How Long Does It Take To Get Pregnant After Stopping Birth Control?
Updated: Jan 23
Ideally, your contraception of choice should be able to prevent pregnancy when you want it to and when you decide that it's time and you’re ready to have a baby, it should have no impact on your ability to conceive once you stop using. Almost like something you can turn on and off, right?
Well, things can be more complicated than that. Here’s how it really works.
It’s all about timing
When your fertility returns back depend on which form of birth control you were using. It requires you to:
See the return of fertile cervical mucus
See the return of an “embryo-friendly” uterine lining
But remember, just because ovulation has returned, that doesn’t mean your endometrial lining is back to normal or that your body is producing fertile cervical mucus as it should yet. There’s also a chance that your fertility may have changed with age depending on how long you’ve been using contraception.
When Should You Stop Using Birth Control?
First things first, Don’t stop until you’re ready to get pregnant! Secondly, there’s no hard rule for how long you can stop taking birth control before trying to get pregnant. You can begin trying to get pregnant as soon as you feel comfortable. It all depends on you. Each person’s body is different and will react differently to stopping birth control. Some people can get pregnant immediately after and for others, it could take up to a year or more to become pregnant. Hormonal birth control that takes longer to wear off, such as the depo shot, can also delay pregnancy.
How soon will it take for different contraceptives?
Barrier methods - like condoms or a diaphragm, it’s possible to get pregnant as soon as you have sex without it.
Birth control pills - You may be able to get pregnant within 1-3 months of stopping a combination pill, meaning those that have estrogen and progestin. But most women tend to get pregnant within a year.
Birth control patch - You should begin ovulating 1-3 months after you stop using the birth control patch. That doesn’t guarantee you’ll get pregnant, but you have to ovulate to conceive.
Intrauterine device (IUD) - Women usually begin to ovulate within 1 month after removal meaning it is possible to get pregnant right away after your doctor removes your IUD. For most, pregnancy happens within 6 months to a year.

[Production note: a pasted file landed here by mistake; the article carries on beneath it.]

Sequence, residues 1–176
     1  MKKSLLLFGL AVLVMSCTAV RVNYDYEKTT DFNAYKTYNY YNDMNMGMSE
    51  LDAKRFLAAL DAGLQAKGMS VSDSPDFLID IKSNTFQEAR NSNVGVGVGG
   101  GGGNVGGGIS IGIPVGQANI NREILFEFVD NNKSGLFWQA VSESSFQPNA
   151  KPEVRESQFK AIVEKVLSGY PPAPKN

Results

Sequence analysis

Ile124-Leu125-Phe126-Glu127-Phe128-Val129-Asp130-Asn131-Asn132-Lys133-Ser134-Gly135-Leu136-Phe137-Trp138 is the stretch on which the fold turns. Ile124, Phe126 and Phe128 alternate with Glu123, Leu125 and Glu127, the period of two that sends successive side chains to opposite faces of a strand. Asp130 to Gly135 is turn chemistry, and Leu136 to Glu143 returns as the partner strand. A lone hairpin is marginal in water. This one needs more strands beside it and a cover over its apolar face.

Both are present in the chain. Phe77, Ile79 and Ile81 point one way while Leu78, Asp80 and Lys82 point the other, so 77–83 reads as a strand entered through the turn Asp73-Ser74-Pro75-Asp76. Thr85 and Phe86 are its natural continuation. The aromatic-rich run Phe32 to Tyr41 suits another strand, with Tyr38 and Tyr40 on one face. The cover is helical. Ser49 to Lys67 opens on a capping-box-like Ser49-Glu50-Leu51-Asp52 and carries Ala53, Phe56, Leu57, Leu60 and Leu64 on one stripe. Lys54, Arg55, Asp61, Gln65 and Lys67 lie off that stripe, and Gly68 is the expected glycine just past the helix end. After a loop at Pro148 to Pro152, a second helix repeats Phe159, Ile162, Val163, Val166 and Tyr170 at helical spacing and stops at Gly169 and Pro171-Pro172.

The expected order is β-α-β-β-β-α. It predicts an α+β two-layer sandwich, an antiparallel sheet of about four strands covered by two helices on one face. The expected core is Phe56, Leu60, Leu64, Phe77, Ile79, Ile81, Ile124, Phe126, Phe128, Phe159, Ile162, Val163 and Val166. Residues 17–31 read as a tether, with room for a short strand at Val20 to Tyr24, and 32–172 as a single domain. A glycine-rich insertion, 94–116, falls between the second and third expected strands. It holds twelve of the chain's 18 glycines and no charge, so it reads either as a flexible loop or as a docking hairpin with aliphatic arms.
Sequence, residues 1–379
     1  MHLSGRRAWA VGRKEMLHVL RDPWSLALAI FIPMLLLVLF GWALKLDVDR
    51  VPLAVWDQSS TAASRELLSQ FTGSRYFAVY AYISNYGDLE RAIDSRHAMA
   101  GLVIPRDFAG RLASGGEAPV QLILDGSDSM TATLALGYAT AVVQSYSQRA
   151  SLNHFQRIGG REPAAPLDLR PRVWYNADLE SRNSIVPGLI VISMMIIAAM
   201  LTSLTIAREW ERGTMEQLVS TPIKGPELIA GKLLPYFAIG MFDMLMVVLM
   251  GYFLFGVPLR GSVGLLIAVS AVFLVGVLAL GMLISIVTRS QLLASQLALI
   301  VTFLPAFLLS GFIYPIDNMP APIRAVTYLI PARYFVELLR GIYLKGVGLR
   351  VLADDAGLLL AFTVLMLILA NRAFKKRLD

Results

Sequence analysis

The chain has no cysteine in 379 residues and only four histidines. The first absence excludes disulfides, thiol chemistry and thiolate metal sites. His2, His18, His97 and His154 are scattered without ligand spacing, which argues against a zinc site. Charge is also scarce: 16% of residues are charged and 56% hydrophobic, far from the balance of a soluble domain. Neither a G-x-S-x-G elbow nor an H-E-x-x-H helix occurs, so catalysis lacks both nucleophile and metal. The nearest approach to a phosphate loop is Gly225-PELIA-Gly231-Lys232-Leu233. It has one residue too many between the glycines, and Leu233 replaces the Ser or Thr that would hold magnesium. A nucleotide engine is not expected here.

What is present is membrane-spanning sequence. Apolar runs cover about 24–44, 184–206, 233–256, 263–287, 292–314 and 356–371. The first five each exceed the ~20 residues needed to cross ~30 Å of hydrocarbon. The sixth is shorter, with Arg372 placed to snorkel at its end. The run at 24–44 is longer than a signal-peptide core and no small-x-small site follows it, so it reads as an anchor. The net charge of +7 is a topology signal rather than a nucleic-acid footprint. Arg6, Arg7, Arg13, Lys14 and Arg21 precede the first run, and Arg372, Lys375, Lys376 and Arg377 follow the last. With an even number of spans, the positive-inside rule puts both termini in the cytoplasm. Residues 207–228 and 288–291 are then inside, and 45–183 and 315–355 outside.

Implant - Like an IUD it’s possible to get pregnant right after your doctor removes this device. Most women start ovulating again in the first month.
Vaginal ring- Most women can ovulate 1-3 months after they remove it.
Injectable birth control (Depo-Provera) - Unlike other forms of hormonal birth control, it may be harder to get pregnant after you stop getting these shots. It may take 10 months or more before you ovulate again. For some women, it will take up to 18 months for periods to start again. That’s why experts don’t recommend this method for women who hope to have children within a year of using birth control.
When should you contact your doctor if you do not get pregnant after stopping your birth control?
Sometimes getting pregnant can take longer than you might think. This may feel rather frustrating especially if you were expecting it to work like clockwork. But the truth is for many it could take several months. There are many different factors - like age, health history, and weight that can impact your fertility. If you’re under 35 and it’s been more than a year since you stopped using birth control and you haven’t been able to get pregnant, it’s a good idea to let your doctor know. If you’re 35 or older, you should see your doctor after 6 months of trying.
Most people can get pregnant within 12 months after discontinuing birth control use and this may vary depending on your health and age, it’s always a good idea to factor your birth control method choice into your timeline when planning for pregnancy.
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